Tragically Funny,’Sweeney Todd’ Butchers Competition
How could the absurd tale of Sweeney Todd — a loving family man turned ex-convict turned cannibalism entrepreneur — become a Broadway sensation and considered by many as composer Stephen Sondheim’s most popular accomplishment?
Are we all sick and demented? Well, maybe. But the underlying answer is simple: “Sweeney Todd” is not just another horror story, although it makes us cringe yet crave for more. And it is not just another parody of a horror story, although it forces belly laughs despite our terror. It is a contradiction — a tragedy that is funny.
More important, it somehow takes us unaware. We — the unsuspecting audience — enjoy being manipulated by relentless turns and twists and the constant element of surprise (Should we look? Will we laugh? Will we scream?). We have no more control of our emotional fate than do Todd’s hapless victims. Our eyes glaze over like children listening to the story’s morbid nursery rhyme: “There’s a hole in the world like a great black pit / And the vermin of the world inhabit it / And its morals aren’t worth what a pig could spit / And it goes by the name of London.”
“Sweeney Todd” was Signature Theatre’s first musical and began its long history with Sondheim productions. Signature got it right when it decided to return to this crowd-pleaser to punctuate its 20th anniversary season.
Artistic Director Eric Schaeffer made the ingenious decision to pull out all the stops for this occasion. The gaps between laughter and delightful revulsion are extreme. Unrestrained confidence commands the costumes, scenery, casting, directing, acting and music. The play’s billing as “a musical thriller” is an understatement here. Every crash of cymbals, every evil stare out of sunken, blackened eyes, and every hideous groan punches spectators right in the gut.
Sweeney Todd is an abominable guy. However, we don’t mind empathizing with him. Sweeney (his real name is Benjamin Barker, but he now goes by Mr. T to his close friends) has had a hard life. Once a happy barber, blissfully married with a beautiful wife and newborn child, he was subsequently robbed of his family by a crooked judge who conveniently had him charged on false accusations and locked up.
Now he’s back in London, setting up a new barbershop, where he murders his customers, declaring, “I will have vengeance … salvation.” Thespian lovers never could resist a tragic character. Even his accomplice, the comical bakeshop owner Mrs. Lovett, who makes “meat” pies out of Todd’s victims, is a maternal romantic at heart. On her breaks from butchering she knits scarves for her adopted “simple boy,” who lost his master to the barber’s knife, and she dreams of her ideal betrothal to her meat supplier.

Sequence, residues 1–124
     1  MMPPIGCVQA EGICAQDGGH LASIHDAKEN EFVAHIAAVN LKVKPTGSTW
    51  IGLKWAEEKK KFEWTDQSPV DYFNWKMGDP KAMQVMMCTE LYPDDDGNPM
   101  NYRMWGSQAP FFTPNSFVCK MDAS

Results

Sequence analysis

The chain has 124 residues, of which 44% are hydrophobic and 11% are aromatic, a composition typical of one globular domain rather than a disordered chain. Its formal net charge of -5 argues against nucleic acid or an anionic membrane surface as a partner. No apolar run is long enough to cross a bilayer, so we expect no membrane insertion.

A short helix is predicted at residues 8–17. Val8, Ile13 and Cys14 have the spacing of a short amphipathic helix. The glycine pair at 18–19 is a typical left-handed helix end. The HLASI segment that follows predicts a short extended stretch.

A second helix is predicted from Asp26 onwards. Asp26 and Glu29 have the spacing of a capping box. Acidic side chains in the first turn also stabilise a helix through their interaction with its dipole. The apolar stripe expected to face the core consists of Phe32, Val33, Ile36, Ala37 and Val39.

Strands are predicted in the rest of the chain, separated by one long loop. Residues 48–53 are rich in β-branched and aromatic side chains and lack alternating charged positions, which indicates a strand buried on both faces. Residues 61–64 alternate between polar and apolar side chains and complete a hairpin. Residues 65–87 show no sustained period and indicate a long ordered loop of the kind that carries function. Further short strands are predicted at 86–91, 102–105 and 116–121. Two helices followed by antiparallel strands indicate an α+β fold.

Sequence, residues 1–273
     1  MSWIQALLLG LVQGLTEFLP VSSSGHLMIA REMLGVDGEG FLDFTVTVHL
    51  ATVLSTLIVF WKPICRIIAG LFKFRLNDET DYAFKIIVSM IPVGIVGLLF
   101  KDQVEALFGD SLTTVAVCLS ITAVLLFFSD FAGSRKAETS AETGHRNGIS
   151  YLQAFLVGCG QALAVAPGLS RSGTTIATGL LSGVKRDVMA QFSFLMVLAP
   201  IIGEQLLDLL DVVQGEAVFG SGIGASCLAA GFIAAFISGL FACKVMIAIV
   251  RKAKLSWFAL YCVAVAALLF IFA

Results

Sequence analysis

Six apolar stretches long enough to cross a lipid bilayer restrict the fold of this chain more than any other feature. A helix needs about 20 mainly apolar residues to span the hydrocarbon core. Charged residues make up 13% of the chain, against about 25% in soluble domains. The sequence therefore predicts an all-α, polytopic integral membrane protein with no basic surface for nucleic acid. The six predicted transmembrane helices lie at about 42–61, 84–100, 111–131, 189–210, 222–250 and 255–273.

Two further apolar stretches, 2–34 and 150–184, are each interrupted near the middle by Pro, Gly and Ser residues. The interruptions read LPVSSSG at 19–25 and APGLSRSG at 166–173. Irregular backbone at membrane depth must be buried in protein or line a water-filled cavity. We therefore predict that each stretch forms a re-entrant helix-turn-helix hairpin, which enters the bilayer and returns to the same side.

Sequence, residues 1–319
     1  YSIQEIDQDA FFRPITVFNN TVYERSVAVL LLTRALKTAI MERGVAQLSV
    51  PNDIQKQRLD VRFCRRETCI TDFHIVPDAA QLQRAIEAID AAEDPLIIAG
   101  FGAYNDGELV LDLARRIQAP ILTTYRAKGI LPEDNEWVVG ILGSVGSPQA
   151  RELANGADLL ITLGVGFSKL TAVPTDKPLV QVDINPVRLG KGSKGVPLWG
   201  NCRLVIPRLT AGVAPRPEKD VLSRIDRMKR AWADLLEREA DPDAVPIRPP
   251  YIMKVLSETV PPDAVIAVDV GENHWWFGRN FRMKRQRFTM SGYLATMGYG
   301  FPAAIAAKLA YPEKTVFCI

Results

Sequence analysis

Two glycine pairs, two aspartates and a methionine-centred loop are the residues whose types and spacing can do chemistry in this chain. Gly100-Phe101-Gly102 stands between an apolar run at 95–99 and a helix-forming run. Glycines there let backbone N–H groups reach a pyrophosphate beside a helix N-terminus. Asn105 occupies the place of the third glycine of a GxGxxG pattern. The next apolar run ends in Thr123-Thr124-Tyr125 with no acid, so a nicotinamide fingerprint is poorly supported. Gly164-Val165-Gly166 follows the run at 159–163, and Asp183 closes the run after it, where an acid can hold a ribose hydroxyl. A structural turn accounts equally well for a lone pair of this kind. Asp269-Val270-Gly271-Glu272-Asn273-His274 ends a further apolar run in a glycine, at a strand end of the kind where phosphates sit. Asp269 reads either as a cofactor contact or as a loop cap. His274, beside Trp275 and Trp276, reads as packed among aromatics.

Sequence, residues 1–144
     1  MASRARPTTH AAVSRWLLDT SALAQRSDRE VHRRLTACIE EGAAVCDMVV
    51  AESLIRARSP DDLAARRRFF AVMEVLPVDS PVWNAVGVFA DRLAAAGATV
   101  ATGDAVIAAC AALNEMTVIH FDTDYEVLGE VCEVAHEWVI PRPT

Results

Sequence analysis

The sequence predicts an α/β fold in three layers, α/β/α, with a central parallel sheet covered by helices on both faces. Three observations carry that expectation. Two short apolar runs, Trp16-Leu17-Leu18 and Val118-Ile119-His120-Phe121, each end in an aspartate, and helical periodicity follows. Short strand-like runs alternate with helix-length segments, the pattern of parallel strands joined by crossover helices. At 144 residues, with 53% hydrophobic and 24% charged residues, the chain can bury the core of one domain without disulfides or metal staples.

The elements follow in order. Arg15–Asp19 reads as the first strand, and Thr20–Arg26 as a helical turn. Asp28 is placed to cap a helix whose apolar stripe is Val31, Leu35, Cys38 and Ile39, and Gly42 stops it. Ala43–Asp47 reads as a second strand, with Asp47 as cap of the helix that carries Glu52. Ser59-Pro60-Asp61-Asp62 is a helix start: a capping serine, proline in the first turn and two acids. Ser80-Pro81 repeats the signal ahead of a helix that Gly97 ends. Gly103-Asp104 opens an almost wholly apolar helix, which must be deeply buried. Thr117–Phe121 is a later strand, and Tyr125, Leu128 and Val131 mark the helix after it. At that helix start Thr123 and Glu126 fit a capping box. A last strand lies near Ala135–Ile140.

Sherri Edelen, well known by D.C. audiences for her Helen Hayes wins, could not be more endearing as Lovett. Of all the cast, she seems the most comfortable and organic in a role that demands such a stretch to the morose imagination. Edelen leaves her youthful attractiveness behind and turns into a rubber-faced, resourceful old widow who has a knack for turning poverty into profit and dancing a jig when she’s excited. Edward Gero, as macabre Todd, gives a heartbreaking performance with the right amount of tongue-in-cheek melodrama.
Goth makeup and costumes blend beautifully with dramatic lighting that floods the stage in blinding brightness at one startling moment and turns into looming shadows on a dime. James Kronzer’s set, depicting a 16th-century, London ghetto, extends from the stage, through the audience, and out into the lobby. Linty, filthy, asbestos-ridden-looking fabric covers the ceilings and walls, while buckets of blood on a pulley extend up into the air.
The word-heavy script is genius with its contrasts and rhyme. Todd sings a sweet melody about his beloved daughter, Johanna, while slitting customers’ throats and propelling them down a chute into the basement furnace. Lovett meanwhile sings to Sweeney her idea of using humans for pies: “Seems an awful waste, with the price of meat. Think of it as thrift, as a gift, if you get my drift!”
Contrast also is used for gravity. Todd, Lovett and a sundry array of townspeople live in a harsh, gruesome world of beggars, thieves, poverty and darkness. Meanwhile, beautiful Johanna is effervescent in a white, virginal gown and her would-be suitor, a tender sailor named Anthony, is surprisingly naïve.
Todd warns Anthony: “You are young; life has been good to you. You will learn.”
At the play’s end, after Todd’s plan of revenge spins out of control, we wonder if his warning of “you will learn” is his own foreshadowing. One thing is clear: Don’t worry about the dead bodies littering the stage. The end is nowhere in sight for Signature and Sondheim’s union — a harmonious marriage of 20 years and counting.
About the Author
Lisa Troshinsky is the theater reviewer for The Washington Diplomat.